A description and assessment of the first release of the Arctic Subpolar gyre sTate Estimate (ASTE_R1), a data‐constrained ocean‐sea ice model‐data synthesis, is presented. ASTE_R1 has a nominal resolution of 1/3° and spans the period 2002–2017. The fit of the model to an extensive (O(109)) set of satellite and in situ observations was achieved through adjoint‐based nonlinear least squares optimization. The improvement of the solution compared to an unconstrained simulation is reflected in misfit reductions of 77% for Argo, 50% for satellite sea surface height, 58% for the Fram Strait mooring, 65% for Ice Tethered Profilers, and 83% for sea ice extent. Exact dynamical and kinematic consistency is a key advantage of ASTE_R1, distinguishing the state estimate from existing ocean reanalyses. Through strict adherence to conservation laws, all sources and sinks within ASTE_R1 can be accounted for, permitting meaningful analysis of closed budgets at the grid‐scale, such as contributions of horizontal and vertical convergence to the tendencies of heat and salt. ASTE_R1 thus serves as the biggest effort undertaken to date of producing a specialized Arctic ocean‐ice estimate over the 21st century. Transports of volume, heat, and freshwater are consistent with published observation‐based estimates across important Arctic Mediterranean gateways. Interannual variability and low frequency trends of freshwater and heat content are well represented in the Barents Sea, western Arctic halocline, and east subpolar North Atlantic. Systematic biases remain in ASTE_R1, including a warm bias in the Atlantic Water layer in the Arctic and deficient freshwater inputs from rivers and Greenland discharge.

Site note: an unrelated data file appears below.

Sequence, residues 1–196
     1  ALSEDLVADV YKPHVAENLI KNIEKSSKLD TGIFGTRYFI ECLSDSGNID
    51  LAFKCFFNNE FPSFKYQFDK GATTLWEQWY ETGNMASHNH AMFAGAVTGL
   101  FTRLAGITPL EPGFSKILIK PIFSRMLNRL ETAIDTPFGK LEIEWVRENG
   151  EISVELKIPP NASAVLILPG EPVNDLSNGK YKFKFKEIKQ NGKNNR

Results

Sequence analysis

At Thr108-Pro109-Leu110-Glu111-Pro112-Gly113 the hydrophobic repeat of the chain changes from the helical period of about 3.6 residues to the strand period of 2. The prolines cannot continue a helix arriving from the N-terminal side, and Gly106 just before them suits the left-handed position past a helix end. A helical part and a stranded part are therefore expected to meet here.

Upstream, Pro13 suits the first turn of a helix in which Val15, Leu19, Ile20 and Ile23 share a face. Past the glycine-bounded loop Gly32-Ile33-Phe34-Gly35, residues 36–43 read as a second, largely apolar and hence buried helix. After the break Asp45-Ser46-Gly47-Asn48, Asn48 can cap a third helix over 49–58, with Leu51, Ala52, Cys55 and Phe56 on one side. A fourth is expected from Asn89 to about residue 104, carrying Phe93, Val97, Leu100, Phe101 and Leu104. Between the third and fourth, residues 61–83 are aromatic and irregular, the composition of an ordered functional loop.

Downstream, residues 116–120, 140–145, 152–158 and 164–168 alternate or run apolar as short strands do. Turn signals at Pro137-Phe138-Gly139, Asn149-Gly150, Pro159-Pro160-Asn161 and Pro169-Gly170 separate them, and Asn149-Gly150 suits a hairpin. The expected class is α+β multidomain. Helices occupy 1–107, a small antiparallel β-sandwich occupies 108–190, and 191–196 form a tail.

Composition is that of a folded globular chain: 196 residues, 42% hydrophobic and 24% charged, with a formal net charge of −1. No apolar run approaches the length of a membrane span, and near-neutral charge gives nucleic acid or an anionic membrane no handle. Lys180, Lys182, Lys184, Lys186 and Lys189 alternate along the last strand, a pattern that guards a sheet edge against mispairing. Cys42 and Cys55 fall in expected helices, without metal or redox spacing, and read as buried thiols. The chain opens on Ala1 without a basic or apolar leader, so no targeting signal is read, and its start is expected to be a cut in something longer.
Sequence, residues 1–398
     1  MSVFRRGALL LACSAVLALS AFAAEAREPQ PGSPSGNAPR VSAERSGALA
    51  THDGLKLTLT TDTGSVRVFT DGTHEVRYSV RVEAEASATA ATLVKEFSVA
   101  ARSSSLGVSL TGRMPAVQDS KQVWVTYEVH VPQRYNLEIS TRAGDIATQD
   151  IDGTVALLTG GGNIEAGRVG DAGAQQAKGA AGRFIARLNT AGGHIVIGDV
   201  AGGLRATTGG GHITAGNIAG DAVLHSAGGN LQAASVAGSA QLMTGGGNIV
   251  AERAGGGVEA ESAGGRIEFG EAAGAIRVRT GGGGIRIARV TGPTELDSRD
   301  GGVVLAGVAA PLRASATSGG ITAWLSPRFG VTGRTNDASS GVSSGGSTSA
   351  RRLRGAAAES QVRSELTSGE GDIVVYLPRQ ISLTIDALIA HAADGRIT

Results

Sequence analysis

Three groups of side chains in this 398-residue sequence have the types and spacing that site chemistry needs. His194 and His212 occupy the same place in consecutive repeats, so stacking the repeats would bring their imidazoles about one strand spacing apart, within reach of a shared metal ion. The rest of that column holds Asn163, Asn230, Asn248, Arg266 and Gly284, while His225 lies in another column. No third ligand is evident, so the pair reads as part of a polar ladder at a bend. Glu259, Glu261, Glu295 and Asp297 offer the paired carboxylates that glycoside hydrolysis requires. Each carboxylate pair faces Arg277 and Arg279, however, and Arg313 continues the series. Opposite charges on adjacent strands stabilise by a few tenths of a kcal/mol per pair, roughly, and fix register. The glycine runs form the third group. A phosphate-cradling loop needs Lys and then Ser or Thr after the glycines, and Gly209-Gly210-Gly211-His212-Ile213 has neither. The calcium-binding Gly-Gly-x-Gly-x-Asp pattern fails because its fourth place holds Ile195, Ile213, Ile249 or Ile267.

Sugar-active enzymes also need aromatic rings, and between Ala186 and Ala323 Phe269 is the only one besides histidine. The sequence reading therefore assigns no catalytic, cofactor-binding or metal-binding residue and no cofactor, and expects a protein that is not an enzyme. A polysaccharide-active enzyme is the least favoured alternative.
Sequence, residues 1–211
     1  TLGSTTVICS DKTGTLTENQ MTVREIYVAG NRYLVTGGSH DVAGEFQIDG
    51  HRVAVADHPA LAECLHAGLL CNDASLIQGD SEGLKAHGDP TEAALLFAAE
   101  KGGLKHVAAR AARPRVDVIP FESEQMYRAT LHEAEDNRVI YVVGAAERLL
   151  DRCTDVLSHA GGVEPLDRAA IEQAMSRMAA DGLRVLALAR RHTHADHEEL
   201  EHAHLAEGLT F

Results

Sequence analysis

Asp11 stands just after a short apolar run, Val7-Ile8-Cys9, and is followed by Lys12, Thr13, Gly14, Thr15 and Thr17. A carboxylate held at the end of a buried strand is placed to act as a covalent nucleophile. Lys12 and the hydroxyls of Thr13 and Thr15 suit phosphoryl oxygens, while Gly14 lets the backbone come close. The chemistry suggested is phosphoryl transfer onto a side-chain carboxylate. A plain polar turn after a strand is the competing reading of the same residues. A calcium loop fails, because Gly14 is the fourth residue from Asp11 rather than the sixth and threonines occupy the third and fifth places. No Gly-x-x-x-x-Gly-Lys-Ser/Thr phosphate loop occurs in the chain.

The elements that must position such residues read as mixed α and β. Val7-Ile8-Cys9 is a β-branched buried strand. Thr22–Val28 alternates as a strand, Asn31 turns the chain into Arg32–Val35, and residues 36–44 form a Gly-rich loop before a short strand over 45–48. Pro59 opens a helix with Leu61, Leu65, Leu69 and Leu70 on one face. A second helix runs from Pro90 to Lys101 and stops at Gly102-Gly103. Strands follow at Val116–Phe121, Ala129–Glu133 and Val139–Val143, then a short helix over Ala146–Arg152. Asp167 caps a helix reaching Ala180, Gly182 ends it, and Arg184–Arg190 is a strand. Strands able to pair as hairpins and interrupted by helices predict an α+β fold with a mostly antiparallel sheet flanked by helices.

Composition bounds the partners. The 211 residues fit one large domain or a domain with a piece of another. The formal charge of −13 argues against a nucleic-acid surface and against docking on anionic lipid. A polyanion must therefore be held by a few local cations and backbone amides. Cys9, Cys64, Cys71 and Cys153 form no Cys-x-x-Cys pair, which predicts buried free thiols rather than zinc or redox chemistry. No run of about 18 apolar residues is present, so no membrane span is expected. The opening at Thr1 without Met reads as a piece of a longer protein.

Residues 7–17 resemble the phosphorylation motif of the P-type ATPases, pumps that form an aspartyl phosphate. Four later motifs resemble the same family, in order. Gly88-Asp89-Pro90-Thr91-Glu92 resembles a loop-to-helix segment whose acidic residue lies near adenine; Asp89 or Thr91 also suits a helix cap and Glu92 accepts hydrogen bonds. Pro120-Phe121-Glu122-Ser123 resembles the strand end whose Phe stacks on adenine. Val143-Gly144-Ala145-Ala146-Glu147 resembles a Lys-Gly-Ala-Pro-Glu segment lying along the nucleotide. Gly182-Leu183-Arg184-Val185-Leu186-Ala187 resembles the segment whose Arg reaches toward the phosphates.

more » « less